Setting Up Your AdWords Campaign Properly

This is a bit of a tricky topic, everyone has their own opinion and its probably all different. Google and other Adwords experts have best practice and guides for setting up campaigns. People have wrote entire papers on the proper Adwords setup and I could discuss this ad nauseam. I will try to write a very high level summary of what I feel are the more important issues when setting up campaigns and link to more detailed information at the bottom of the post.

Essentially, proper campaign setup really depends on what your marketing goals are. The main issue is that every business has goals that are unique to them. Before you even open your Adwords account you need to assess who your target audience is, where they are located (geographically) and what they may be looking for. Some of this information can be gleaned from the Google Keyword Planner tool in your Adwords account (which I will discuss in a separate post). You should probably have already done some market research into who your potential customers are and know more or less where they located.

What to do if your customers are spread over a large geographic area?

This is an important step in planning out the structure of your Adwords campaigns. If your customers are spread over a large geographic area for example east cost, west coast or even across continents you may want to create a separate campaign for each area. The primary reason is that you want to be able to adjust your bidding strategy based on geographic location of your customers – specifically the time of day they are most active. The problem is that day-parting (adjusting your keyword bids based on the time of day) is a setting on the campaign level and not on the ad group level. So, if you were to create a campaign and target both US and UK in the same campaign you wont be able to properly adjust the bids because of the time zone difference. To clarify; lets say you notice that users in the US convert better during the morning hours. So you’d want to increase your bids accordingly, however you also notice that users in the UK also convert better during morning hours, but morning in the UK is the middle of the night in the US so you can’t adjust the bids. In this case you’d want to have two separate campaigns, one for the US and one for the UK. This way you can adjust the bids on each campaign separately.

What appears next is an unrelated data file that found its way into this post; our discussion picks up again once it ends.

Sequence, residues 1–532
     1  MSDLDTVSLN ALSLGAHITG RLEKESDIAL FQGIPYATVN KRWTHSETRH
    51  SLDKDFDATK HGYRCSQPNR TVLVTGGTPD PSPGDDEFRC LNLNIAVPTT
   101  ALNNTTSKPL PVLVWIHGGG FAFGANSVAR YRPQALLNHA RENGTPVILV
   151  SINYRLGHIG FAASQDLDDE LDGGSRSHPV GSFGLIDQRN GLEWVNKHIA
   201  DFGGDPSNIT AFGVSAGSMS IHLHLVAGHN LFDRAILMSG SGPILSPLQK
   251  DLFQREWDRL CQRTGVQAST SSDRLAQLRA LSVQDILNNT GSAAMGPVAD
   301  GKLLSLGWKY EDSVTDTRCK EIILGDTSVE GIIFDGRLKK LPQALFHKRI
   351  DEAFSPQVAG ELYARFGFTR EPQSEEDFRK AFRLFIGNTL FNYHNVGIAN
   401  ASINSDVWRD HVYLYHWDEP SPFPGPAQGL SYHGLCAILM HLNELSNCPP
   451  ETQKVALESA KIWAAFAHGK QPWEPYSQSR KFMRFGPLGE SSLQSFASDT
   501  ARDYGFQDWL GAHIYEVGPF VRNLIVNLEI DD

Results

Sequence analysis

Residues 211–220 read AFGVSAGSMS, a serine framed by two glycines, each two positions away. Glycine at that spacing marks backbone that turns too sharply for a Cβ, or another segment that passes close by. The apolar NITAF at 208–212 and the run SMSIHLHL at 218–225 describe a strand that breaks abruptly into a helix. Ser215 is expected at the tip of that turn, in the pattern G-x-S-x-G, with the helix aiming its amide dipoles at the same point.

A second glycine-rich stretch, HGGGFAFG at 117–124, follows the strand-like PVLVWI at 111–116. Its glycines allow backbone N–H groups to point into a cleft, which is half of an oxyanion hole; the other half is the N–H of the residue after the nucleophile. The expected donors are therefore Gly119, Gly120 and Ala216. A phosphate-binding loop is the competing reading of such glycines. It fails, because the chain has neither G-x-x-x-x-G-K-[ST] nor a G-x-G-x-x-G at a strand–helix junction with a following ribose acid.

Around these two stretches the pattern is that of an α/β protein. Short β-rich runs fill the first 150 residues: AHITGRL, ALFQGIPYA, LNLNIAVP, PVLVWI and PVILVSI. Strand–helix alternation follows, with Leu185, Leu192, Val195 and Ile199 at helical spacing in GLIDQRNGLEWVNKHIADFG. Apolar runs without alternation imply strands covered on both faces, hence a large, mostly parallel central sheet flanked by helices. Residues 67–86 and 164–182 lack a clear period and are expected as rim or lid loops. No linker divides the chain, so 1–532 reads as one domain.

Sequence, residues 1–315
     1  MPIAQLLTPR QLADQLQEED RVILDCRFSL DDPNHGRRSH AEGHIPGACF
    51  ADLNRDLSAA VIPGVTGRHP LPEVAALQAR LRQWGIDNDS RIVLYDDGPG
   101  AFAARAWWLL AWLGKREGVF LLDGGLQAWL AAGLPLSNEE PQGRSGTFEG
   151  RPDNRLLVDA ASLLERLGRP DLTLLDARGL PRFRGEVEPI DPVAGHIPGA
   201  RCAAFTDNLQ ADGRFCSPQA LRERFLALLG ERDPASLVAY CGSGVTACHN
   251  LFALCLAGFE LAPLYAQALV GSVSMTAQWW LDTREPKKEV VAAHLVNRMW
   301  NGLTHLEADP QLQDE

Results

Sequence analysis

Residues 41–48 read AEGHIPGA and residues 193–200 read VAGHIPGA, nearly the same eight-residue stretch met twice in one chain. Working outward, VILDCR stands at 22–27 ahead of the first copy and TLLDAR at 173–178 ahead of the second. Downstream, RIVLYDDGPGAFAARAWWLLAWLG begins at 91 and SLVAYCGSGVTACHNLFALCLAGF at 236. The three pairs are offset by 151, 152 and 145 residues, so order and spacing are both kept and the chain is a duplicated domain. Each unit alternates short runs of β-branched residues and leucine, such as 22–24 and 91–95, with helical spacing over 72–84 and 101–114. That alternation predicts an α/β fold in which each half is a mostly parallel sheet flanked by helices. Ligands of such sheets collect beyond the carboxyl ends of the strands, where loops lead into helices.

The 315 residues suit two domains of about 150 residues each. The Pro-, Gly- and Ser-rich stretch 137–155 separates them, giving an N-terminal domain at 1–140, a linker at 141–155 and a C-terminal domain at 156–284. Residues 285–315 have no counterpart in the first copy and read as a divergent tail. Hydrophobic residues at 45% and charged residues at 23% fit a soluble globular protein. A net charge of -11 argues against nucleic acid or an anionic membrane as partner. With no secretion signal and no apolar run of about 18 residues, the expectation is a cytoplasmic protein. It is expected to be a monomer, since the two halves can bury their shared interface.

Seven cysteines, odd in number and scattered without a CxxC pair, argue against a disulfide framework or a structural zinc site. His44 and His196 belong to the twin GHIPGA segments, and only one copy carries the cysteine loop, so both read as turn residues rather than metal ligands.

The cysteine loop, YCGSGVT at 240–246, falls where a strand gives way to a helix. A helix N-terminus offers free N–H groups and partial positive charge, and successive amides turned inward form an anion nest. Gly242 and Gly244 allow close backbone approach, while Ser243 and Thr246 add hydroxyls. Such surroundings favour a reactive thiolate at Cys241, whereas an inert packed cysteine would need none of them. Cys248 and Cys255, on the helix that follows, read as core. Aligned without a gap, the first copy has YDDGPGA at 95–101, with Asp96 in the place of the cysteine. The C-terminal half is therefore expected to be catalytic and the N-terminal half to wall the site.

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My First Post – Setting Up Adwords

I wanted to take this opportunity to post a little introduction for this blog. I have been toying with the idea for a personal blog for quite sometime but didn’t feel as though the time was right. In the last few months I realised that I want to share a lot of the work I do so that others can learn and possibly even implement some of my ideas and tools that I use during my day-to-day role as marketing director. So I dusted off my old name domain (Life-pro-tip: ALWAYS register before someone else does) and got writing.

I apologise if my writing style is somewhat crass, I am not a content writer and while I do my best to write as clearly and insightfully as I can its probably not up to par to what many of you are used to. I’ll do my best to proof every post but if you find typos or errors please do let me know so I can correct them.

And off we go.

Setting up Your Google Adwords Account – Best Practices

Its only fitting that one of my first posts should be about Adwords. If you don’t already know Adwords is Google’s Search advertising platform. It allows you to bid on relevant keywords so that when people search for your product or service your ads will appear on the Search Engine Results Page (SERP). Over the years I’ve managed dozens of accounts for many companies. Most of the time I take over an existing account using the MCC which allows me to manage the day-to-day operations of the account. Sometime I also open a new account for the company I represent, but in either case there are some things you should do before even setting up your first campaign.  I will probably update this list continuously as I think of more and more things to add.


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